Artificial Synapses Could Lead to Smarter AI
By replicating the function of the human brain's 100 trillion synapses, scientists hope to boost the versatility of artificial neural networks.
Heads up, humanity. Artificial intelligence may be about to get a lot smarter.
An international team of scientists has developed a new kind of synthetic synapse for artificial intelligence systems using the neural network model. In artificial neural networks, computing systems are designed to emulate the function of the human brain, with digital neurons and synapses replicating the function of their biological counterparts.
In this context, synapses serve as a gateway for neurons, whether synthetic or biological, to pass information and signals to one another. They're the connective tissue in both biological and artificial neural networks. It's estimated that the typical human nervous system contains more than 100 trillion synapses.
While scientists have had remarkable success with artificial neural networks, contemporary AI systems have been stymied by a specific limitation. In the mammalian brain, synapses can accommodate two types of signals — inhibitory and excitatory — simultaneously. But artificial synapses, made from nanoscopic electronic components, can only process one type of signal at a time. As a result, AI systems can only run at half throttle.
US and Chinese researchers have developed a synthetic synapse that can handle both kinds of signals, reconfiguring itself on the fly, according to new research published this week in the journal ACS Nano. Funding for the project was provided by the National Science Foundation and the Army Research Office.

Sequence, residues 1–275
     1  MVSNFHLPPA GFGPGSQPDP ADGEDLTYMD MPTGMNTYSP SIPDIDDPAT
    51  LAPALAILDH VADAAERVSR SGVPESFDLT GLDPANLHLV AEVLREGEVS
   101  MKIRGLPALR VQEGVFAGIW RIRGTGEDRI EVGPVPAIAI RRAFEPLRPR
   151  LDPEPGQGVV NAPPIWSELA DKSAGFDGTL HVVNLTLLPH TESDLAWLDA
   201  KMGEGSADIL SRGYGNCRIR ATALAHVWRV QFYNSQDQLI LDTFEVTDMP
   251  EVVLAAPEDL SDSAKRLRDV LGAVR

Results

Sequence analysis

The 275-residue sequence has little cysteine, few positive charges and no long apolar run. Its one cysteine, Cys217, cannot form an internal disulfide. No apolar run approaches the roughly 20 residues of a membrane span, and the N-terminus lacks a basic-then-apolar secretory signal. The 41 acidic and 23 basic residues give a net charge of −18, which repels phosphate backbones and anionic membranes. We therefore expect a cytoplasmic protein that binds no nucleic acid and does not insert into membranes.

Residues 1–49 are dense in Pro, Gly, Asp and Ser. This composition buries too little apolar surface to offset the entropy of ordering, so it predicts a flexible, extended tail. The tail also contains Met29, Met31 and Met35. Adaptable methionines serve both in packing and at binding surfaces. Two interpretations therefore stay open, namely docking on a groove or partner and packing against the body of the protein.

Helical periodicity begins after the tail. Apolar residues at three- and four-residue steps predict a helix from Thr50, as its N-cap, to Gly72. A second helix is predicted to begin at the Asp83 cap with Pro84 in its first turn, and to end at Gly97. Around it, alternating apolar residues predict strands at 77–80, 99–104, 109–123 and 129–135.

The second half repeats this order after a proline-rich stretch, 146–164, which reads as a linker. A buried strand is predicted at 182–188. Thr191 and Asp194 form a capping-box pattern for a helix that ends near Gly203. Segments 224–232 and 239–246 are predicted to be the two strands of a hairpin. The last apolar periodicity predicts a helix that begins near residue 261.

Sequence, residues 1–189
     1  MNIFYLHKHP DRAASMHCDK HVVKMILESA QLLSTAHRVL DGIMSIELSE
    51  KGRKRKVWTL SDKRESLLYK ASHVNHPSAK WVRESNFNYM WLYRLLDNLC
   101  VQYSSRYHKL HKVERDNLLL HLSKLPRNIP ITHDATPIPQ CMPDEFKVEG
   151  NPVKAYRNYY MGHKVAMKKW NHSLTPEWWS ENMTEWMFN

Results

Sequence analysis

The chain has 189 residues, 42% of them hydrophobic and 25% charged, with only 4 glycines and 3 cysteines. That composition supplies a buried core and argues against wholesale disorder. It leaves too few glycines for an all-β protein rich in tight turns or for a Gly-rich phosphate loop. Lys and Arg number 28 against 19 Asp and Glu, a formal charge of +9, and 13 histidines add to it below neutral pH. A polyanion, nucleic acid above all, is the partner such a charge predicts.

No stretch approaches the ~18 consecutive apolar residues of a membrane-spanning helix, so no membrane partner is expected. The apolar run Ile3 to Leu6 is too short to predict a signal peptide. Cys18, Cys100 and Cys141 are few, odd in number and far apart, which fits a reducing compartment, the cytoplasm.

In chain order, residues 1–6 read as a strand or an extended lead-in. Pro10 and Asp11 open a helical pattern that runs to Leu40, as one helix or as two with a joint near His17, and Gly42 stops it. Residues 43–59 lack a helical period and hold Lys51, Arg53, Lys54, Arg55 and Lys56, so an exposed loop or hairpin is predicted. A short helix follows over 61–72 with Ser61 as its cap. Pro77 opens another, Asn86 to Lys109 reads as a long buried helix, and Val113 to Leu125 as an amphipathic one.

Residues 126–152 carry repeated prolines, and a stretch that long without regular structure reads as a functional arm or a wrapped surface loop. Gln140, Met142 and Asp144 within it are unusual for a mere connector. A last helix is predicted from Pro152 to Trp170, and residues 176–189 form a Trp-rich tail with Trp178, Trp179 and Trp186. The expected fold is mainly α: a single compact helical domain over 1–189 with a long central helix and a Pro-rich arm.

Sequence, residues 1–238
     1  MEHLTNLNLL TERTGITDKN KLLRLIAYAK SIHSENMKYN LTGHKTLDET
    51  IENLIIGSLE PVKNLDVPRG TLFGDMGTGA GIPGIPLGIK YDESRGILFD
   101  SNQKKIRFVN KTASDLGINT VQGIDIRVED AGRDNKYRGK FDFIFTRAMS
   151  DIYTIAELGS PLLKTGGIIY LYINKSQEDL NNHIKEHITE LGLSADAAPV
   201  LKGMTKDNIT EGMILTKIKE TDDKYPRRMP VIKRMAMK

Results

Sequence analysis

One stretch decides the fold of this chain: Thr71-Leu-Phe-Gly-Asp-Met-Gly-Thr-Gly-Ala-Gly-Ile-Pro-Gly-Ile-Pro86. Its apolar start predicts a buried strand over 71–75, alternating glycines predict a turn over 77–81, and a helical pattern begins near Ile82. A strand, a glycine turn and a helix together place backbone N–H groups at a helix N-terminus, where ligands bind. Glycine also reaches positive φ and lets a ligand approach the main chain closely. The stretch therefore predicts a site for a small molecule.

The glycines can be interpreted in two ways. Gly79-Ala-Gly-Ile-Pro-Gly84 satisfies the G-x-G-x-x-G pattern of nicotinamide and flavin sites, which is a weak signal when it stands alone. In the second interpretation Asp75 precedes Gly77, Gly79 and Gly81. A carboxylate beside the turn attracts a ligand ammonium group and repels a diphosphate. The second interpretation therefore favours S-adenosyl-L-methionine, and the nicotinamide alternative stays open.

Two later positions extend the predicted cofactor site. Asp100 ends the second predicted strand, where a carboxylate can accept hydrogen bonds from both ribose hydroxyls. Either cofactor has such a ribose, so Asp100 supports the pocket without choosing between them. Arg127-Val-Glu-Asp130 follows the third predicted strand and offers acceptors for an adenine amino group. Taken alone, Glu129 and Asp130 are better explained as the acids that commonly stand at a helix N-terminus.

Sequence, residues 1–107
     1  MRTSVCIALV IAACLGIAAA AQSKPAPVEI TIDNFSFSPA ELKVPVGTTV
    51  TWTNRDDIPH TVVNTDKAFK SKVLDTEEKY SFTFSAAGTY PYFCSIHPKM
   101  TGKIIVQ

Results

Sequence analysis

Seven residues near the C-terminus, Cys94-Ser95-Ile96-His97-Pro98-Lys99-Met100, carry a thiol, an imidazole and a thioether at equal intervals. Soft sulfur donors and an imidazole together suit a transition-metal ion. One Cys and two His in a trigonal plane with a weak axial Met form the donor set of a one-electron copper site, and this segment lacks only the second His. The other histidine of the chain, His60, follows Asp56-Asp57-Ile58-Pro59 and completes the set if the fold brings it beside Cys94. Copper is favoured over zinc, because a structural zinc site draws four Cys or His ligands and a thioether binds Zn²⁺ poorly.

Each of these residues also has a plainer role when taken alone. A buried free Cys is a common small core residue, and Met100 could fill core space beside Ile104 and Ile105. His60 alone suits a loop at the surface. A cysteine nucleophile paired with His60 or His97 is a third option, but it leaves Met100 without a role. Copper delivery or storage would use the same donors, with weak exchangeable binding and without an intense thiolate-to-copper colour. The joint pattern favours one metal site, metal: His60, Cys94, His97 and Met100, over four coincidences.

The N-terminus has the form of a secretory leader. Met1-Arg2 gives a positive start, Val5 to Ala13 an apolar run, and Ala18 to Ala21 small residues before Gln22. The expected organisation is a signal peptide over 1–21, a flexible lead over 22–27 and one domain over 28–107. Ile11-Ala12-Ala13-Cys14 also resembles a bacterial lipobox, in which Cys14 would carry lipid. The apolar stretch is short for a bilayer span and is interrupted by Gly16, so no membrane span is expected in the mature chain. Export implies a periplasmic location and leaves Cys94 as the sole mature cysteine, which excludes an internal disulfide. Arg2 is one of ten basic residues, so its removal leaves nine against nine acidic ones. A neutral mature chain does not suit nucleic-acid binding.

“These new artificial synapses allow the same synapse to be reconfigured into either excitatory or inhibitory modes, which was not previously possible in solid state artificial synaptic devices,” said co-author Han Wang, of the University of Southern California. “This new functional flexibility is important for enabling more complex artificial neural network that can also dynamically reconfigure just like our brain does.”
Han said that, in the human brain, excitatory responses typically make the brain more excited and alert, while the inhibitory responses makes it more calm and relaxed. Further along the nervous system, excitatory responses cause muscles to contract and inhibitory ones cause muscles to relax.
The new artificial synapses allow similar functions in computer systems. Where the nervous system uses biological synapses to process chemical and electrical signals, artificial neural networks use synthetic synapses to process digital information.
“In an artificial neural network, excitatory signals strengthen certain connections within the network and inhibitory response weakens such connections,” Wang said.
This kind of biological emulation is critical for the development of next generation cognitive abilities in artificial neural networks.
“More sophisticated nervous systems could be emulated, making the system potentially more intelligent and versatile, ”Wang said.
You'd need a Ph.D or three to really wrap your head around it all, but Wang suggest an automotive metaphor.
“It is just like one is the accelerator and the other is the brake, and the two work together to ensure the proper functions and stability of the brain activities — the car,” Wang said. “It is closer to what the biological brain can do.”
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